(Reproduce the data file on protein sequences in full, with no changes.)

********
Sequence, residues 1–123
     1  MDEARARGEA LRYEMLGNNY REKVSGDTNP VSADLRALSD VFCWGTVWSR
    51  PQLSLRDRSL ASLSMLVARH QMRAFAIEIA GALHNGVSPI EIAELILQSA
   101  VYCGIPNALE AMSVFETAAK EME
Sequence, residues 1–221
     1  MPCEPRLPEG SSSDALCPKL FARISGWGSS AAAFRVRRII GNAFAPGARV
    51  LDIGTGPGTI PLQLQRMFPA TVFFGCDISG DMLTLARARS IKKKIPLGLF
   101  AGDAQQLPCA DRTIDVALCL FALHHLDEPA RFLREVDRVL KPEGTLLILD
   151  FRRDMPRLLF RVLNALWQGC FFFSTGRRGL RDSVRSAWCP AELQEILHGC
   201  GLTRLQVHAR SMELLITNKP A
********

Sequence, residues 1–123
     1  MDEARARGEA LRYEMLGNNY REKVSGDTNP VSADLRALSD VFCWGTVWSR
    51  PQLSLRDRSL ASLSMLVARH QMRAFAIEIA GALHNGVSPI EIAELILQSA
   101  VYCGIPNALE AMSVFETAAK EME
Sequence, residues 1–221
     1  MPCEPRLPEG SSSDALCPKL FARISGWGSS AAAFRVRRII GNAFAPGARV
    51  LDIGTGPGTI PLQLQRMFPA TVFFGCDISG DMLTLARARS IKKKIPLGLF
   101  AGDAQQLPCA DRTIDVALCL FALHHLDEPA RFLREVDRVL KPEGTLLILD
   151  FRRDMPRLLF RVLNALWQGC FFFSTGRRGL RDSVRSAWCP AELQEILHGC
   201  GLTRLQVHAR SMELLITNKP A